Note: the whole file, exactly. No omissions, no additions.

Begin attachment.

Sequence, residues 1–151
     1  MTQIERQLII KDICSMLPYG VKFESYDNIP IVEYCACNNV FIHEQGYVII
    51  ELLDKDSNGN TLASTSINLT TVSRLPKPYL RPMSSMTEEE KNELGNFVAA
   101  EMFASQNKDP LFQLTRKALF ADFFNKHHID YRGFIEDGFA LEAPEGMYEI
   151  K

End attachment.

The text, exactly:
Sequence, residues 1–151
     1  MTQIERQLII KDICSMLPYG VKFESYDNIP IVEYCACNNV FIHEQGYVII
    51  ELLDKDSNGN TLASTSINLT TVSRLPKPYL RPMSSMTEEE KNELGNFVAA
   101  EMFASQNKDP LFQLTRKALF ADFFNKHHID YRGFIEDGFA LEAPEGMYEI
   151  K